The same principle was followed in the case of Kesharichand Jaisukhalal v. Shillong Banking Corporation Led. AIR 1965 SC 1711.
8. In the present case, the plaintiff's suit is not based on mutual, open and current account so as to attract the provisions of Article 1 The averments in the plaint are to the effect that the defendant used to take cloths on credit and remit money towards the dues. There was no reciprocity of dealings and there are no independent obligations. What in fact had happened was that the plaintiff had supplied goods and the defendant had agreed to pay for them and had made payments towards the plaintiff's dues. Thus, it was a case of supply of goods for a price to be paid. Payments were made in discharge of the obligations created by the delivery of goods made to the defendant and did not create any obligation on the plaintiff in favour of the defendant. The trial Court was, therefore, justified in holding that there was no mutual, open and current account between the parties and Article 1 did not govern the suit.
9. The reasonings adopted by the learned additional District Judge would appear from the following observations made in para 5 of the appellate judgment :
'......In the instant case, the averments of the written statement in para 2 would indicate that the defendant used to borrow goods on credit on Khata-account and used to pay from time to time towards the dues of khata account. The last few words namely 'towards the dues on khata accounts' are significant which indicate in unequivocal term that the parties take the transactions as one unit and that too, in a continued khata account process, otherwise, payment towards the total dues could not have been incorporated in the written statement. Even apart from the written statement, we find from the catalogue of instance of borrowing of goods in khata running account not less than 30 to 35 transactions during the relevant period. Furthermore, we find payments at different points of time and the total number is not less than 20 or 25 during these transactions. These would indicate that the parties are taking different transactions from time to time in a continued process as we find in running current account on khata deal and further the defendant has been making payments not towards any particular item of transaction but towards the dues as a whole.'
Apparently the learned Additional District Judge has committed an error of record while referring to para 2 of the written statement. The defendant has not at all referred to any khata account in para 2 of his written statement. Para 2 is reproduced below :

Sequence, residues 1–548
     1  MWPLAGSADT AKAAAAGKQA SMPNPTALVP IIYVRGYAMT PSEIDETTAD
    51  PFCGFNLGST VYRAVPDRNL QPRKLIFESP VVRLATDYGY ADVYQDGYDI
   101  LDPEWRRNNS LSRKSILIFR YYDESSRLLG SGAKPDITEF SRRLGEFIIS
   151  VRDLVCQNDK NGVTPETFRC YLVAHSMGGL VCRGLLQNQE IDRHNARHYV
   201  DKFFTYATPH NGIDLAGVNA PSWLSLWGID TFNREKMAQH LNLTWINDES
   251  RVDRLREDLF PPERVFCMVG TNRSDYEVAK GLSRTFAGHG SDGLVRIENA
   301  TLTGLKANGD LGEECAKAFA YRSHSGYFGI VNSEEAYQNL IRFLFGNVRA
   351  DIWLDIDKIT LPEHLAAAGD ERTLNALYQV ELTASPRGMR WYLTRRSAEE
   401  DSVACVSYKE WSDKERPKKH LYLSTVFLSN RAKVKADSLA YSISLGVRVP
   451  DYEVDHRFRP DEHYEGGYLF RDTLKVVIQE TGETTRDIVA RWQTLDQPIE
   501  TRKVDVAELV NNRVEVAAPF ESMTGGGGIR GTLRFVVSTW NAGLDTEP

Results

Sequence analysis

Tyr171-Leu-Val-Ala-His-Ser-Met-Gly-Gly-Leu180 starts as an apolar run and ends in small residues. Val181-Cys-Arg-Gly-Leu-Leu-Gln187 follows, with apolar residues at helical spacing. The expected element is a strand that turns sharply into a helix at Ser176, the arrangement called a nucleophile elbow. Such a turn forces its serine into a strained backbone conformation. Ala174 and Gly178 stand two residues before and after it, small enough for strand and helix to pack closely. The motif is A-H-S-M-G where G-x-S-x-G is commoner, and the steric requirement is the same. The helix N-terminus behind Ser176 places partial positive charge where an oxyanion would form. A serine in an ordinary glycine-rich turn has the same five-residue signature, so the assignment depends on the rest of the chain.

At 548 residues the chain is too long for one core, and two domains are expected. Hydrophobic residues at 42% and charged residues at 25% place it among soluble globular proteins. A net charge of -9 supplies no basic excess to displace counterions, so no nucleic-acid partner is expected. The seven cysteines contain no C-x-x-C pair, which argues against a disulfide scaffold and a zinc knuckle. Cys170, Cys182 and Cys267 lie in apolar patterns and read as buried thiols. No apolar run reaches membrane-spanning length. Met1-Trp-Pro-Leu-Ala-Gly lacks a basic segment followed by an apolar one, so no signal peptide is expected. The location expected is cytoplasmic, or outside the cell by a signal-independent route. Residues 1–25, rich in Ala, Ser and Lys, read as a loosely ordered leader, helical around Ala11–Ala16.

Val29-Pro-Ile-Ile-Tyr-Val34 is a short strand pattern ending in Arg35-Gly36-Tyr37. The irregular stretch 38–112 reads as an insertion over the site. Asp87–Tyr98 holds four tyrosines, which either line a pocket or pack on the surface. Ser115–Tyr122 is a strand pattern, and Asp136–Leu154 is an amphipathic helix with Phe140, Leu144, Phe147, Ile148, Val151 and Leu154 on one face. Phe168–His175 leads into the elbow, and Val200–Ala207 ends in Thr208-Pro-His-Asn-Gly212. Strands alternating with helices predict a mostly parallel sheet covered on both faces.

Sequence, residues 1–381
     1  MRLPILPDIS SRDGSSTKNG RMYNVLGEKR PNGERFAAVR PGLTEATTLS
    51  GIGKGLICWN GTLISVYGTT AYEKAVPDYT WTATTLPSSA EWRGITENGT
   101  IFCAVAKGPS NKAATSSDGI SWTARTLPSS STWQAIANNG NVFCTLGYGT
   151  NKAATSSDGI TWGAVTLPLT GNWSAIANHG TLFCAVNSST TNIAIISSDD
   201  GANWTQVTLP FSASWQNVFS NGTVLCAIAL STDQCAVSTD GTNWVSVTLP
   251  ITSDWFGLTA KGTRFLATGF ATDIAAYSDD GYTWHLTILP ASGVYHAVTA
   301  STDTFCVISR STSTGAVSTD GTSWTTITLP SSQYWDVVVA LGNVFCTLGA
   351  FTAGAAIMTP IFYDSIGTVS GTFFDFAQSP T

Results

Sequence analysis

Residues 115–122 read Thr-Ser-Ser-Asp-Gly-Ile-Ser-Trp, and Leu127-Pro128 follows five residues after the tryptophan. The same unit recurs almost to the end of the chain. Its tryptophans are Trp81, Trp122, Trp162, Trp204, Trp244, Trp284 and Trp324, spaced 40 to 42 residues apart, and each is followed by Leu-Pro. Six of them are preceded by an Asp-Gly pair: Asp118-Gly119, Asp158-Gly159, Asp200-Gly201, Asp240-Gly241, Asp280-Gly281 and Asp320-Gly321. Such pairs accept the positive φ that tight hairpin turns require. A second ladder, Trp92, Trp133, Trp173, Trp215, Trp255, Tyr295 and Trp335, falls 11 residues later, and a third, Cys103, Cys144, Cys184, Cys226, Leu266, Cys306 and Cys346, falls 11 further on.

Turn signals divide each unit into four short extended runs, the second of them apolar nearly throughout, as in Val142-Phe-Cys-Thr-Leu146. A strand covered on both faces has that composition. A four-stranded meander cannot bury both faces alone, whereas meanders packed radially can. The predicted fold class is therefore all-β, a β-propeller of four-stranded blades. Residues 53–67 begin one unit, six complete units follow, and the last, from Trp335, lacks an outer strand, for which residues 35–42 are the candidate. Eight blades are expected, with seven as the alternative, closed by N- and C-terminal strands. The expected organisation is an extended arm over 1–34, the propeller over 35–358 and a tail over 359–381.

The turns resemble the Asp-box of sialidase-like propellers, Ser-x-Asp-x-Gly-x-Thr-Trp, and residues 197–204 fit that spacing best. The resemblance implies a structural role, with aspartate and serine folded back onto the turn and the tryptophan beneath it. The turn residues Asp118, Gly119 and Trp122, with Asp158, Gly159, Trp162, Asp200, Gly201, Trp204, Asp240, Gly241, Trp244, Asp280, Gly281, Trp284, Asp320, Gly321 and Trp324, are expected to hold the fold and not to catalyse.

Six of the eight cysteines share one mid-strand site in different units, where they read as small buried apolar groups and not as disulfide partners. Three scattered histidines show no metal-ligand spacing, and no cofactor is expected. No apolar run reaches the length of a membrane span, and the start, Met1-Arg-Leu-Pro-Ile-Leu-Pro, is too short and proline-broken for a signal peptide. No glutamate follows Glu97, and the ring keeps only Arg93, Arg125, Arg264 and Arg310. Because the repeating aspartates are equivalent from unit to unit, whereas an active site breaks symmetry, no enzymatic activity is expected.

'2. It is a fact that the plaintiff was doing business in cloth. It is also a fact that the defendant was dealer in readymade clothes. It is also correct to state that the defendant used to take cloth on credit from the plaintiff and used to repay the money towards the dues.'
In his plaint the plaintiff did not also rely on any khata account in support of his claim. He did not produce the account books at the time of filing the plaint, as required under Order 7 Rule 17, C. P. C.
Even assuming that the account between the parties was an open and current account yet there are no mutual dealings between the parties giving rise to independent obligations on both sides.
10. For the foregoing reasons. Article 1 of the Limitation Act, 1963 is not applicable to the facts of this case.
11. The plaintiff's suit is also not based on 'accounts stated' so as to attract the application of Article 26. There is absolutely no allegation in the plaint to show that the accounts were gone into by both the parties and a balance was struck. Where the plaintiff comes to Court for realisation of the balance of amount due without any allegation that there was settlement of accounts between the parties Article 26 will not be attracted.
12. The last credit bill for Rs. 98.25 paise is dated 16-8-73 and that was undoubtedly within the period of three years preceding the suit. The previous credit bills were beyond a period of three years from the date of suit. The trial Court was, therefore, justified in decreeing the suit for that amount.
13. In view of my above findings, I would allow the Civil Revision, set aside the decision of the appellate Court and restore that of the trial Court. Parties to bear their own costs incurred in this Court.